Mirikitani died on the morning of July 29, 2021, at the age of 80.[4][15] The cause of death was cancer.[16]


  • Mirikitani, Janice (1978). Awake in the River. Isthmus Press. ISBN 9780913386507.[17]
  • Mirikitani, Janice (1980). Ayumi: A Japanese American Anthology. Japanese American Anthology Committee. ISBN 9780960322206.
  • Mirikitani, Janice (1987). Shedding Silence. Celestial Arts. ISBN 9780890874967.[17]
  • Mirikitani, Janice (1995). We, the Dangerous: New and Selected Poems. Celestial Arts. ISBN 9780890877678.[17]
  • Mirikitani, Janice (2001). Love Works. City Lights Foundation Books, San Francisco Poet Laureates. City Lights Foundation Books. ISBN 9781931404020.[17]
  • Mirikitani, Janice (2014). Out of the Dust: New and Selected Poems. Intersections: Asian and Pacific American Transcultural Studies. University of Hawaii Press. ISBN 9780824847944.
  • Williams, Cecil; Mirikitani, Janice (2013). Beyond the Possible: 50 Years of Creating Radical Change in a Community Called Glide. Dave Eggers (Forward). Harper Collins. ISBN 9780062105059.[17]


  1. ^ "Glide Church Co-Founder, Poet and San Francisco Activist Janice Mirikitani Dies at Age 80". KPIX-TV. July 29, 2021. Retrieved July 30, 2021.
  2. ^ a b McManis, Sam (July 21, 2000). "Freeing Verse – How the city's poet laureate found her voice and learned to speak out for the dispossessed". San Francisco Chronicle. Retrieved July 30, 2021.
  3. ^ Madsen, Deborah L. (2005). Asian American writers. Dictionary of literary biography: Asian American writers. Vol. 312, A Bruccoli Clark Layman book. Thomson Gale. p. 227. ISBN 0-7876-8130-X.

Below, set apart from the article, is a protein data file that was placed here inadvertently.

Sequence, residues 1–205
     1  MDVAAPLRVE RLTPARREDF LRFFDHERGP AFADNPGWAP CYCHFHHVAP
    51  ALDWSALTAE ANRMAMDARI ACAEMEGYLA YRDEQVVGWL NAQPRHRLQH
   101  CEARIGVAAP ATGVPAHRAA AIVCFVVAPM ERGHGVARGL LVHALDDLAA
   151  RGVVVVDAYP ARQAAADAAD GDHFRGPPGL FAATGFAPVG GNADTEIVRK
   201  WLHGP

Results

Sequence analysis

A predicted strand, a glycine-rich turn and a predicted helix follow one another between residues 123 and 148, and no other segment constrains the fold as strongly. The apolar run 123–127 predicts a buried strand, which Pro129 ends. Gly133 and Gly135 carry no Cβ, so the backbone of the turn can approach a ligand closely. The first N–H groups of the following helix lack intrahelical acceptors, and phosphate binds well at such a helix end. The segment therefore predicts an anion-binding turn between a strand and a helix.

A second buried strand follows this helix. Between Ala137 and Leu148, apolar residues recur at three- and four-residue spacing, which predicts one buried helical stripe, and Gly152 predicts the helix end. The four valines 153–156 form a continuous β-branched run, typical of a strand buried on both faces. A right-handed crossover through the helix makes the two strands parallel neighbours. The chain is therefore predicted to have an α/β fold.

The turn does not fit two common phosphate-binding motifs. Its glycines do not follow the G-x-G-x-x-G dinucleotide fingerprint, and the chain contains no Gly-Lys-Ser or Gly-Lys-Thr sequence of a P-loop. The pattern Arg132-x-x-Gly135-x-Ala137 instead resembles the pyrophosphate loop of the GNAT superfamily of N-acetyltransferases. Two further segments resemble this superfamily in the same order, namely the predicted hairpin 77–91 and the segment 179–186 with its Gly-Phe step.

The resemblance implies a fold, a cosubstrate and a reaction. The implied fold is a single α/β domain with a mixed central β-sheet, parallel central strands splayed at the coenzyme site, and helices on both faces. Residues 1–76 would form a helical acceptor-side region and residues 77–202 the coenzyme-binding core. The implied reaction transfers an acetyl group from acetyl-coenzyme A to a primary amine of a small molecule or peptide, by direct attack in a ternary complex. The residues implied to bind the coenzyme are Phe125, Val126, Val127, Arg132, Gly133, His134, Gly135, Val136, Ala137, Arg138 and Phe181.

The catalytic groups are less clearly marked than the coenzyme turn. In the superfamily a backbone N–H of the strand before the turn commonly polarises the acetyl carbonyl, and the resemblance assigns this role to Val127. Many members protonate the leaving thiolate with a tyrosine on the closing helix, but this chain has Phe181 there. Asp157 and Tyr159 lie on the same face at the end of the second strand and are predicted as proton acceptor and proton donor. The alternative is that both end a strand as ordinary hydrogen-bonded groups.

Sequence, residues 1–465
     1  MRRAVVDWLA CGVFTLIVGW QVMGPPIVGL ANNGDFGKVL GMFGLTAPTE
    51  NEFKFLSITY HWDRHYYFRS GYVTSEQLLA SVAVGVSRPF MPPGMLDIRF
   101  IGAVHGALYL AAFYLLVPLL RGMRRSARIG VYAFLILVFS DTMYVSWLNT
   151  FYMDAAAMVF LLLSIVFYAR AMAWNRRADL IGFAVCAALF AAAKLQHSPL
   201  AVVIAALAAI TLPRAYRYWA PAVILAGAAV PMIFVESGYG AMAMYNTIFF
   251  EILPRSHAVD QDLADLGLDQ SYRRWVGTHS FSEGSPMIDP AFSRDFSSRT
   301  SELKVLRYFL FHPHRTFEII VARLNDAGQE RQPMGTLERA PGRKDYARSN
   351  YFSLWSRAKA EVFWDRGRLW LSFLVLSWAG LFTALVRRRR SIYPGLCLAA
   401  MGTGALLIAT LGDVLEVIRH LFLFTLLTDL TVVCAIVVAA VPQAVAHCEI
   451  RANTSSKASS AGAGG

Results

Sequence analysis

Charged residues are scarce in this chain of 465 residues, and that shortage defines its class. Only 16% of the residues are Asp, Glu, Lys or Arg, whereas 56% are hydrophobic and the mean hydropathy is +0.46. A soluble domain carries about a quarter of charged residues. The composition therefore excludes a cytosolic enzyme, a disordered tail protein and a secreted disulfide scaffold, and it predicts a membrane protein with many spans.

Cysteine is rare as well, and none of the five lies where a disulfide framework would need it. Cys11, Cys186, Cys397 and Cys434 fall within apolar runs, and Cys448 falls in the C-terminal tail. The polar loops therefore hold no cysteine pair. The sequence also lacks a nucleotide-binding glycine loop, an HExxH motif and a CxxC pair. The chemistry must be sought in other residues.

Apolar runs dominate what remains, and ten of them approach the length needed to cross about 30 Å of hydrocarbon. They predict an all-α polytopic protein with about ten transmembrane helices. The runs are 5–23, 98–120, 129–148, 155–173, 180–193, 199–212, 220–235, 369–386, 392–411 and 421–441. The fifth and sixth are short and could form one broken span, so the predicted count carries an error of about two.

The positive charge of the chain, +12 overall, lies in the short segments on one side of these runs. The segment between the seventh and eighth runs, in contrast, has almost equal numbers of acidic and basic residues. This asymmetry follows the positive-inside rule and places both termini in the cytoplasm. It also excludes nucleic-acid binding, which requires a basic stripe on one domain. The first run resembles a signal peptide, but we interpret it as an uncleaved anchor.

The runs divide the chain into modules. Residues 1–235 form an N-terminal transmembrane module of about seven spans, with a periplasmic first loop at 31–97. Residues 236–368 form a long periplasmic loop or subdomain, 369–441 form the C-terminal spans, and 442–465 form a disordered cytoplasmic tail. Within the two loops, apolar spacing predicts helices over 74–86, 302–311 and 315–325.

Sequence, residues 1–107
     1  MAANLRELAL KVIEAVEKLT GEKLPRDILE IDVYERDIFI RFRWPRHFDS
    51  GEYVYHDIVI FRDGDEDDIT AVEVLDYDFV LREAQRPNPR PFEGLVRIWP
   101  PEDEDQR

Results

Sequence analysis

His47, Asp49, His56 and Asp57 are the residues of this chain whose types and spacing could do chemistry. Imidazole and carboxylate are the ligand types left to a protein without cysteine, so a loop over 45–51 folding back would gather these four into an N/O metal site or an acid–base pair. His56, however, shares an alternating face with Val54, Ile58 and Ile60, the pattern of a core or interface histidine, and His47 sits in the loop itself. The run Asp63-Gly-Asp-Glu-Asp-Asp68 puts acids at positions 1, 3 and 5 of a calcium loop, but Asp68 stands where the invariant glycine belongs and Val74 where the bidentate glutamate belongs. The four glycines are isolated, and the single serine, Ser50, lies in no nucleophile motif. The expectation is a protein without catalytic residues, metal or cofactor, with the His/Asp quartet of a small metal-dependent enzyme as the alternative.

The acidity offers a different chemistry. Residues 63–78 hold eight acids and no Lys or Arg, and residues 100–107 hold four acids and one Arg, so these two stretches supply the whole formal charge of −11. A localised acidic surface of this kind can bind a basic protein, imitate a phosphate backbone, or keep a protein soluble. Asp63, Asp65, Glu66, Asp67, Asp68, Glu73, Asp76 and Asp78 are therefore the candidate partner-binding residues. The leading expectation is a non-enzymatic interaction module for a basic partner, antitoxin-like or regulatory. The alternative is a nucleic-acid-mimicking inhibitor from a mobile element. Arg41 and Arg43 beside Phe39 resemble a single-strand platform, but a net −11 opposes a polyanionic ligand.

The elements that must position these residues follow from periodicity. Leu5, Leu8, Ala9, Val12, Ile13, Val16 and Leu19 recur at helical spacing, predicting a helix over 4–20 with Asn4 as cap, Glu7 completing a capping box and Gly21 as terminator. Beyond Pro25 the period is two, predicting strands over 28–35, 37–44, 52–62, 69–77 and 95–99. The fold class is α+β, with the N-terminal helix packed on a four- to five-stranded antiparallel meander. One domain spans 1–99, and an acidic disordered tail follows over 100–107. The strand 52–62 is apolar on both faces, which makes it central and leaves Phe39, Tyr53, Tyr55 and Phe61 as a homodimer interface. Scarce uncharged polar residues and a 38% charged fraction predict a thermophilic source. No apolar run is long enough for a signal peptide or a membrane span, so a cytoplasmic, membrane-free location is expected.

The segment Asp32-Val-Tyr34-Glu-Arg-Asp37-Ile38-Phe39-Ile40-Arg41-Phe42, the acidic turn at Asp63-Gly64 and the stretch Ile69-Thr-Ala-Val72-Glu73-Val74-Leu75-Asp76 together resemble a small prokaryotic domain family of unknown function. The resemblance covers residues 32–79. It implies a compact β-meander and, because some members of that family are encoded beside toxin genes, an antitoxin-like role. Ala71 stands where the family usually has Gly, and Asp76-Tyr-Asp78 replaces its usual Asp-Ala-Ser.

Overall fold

4. ^ a b "Janice Mirikitani, poet, San Francisco church leader, dies". Associated Press. July 30, 2021. Retrieved July 30, 2021.
  5. ^ a b Nam, Vickie (2001). Yell-oh girls!: emerging voices explore culture, identity, and growing up Asian American. Harper Collins. p. xxxiii. ISBN 0-06-095944-4.
  6. ^ a b c Huang, Guiyou; Nelson, Emmanuel Sampath, eds. (2002). Asian-American Poets: A Bio-bibliographical Critical Sourcebook. Greenwood Publishing Group. pp. 233–234. ISBN 9780313318092.
  7. ^ Janice Mirikitani Densho Encyclopedia
  8. ^ a b c Nimura, Tamiko (2002). Emmanuel Sampath Nelson and Huang Guiyou (ed.). Asian-American poets: a bio-bibliographical critical sourcebook. Greenwood Publishing Group. pp. 233–235. ISBN 0-313-31809-3.
  9. ^ Wei, William (June 27, 1993). The Asian American Movement. VNR AG. p. 65. ISBN 9781566390491.
  10. ^ Yu, Timothy (July 8, 2021). Diasporic Poetics: Asian Writing in the United States, Canada, and Australia. Oxford University Press. p. 65. ISBN 9780198867654.
  11. ^ Niiya, Brian (1993). Japanese American history: an A-to-Z reference from 1868 to the present. VNR AG. p. 234–235. ISBN 0-8160-2680-7.
  12. ^ Nelson, Emmanuel Sampath (2005). The Greenwood Encyclopedia of Multiethnic American Literature: I - M. Vol. 3. Greenwood Publishing Group. p. 1503. ISBN 0-313-33062-X.
  13. ^ Rodriguez, Joe (April 15, 2015). "Auction house cancels controversial sale of photos and craft works from Japanese internment camps". East Bay Times. Walnut Creek, California. Retrieved July 30, 2021.
  14. ^ Egelko, Bob (April 16, 2015). "Japanese Americans' furor blocks internment-era artifact auction". San Francisco Chronicle. Retrieved July 30, 2021.
  15. ^ Hernández, Lauren; Knight, Heather (July 29, 2021). "Janice Mirikitani, Glide co-founder, activist and S.F. poet laureate, dies at 80". San Francisco Chronicle. Retrieved July 30, 2021.
  16. ^ Sandomir, Richard (August 13, 2021). "Janice Mirikitani, Poet and Crusader for People in Need, Dies at 80". The New York Times. ISSN 0362-4331. Retrieved March 9, 2022.
  17. ^ a b c d e "Janice Mirikitani". Poetry Foundation. Retrieved July 30, 2021.

Further reading[edit]

External links[edit]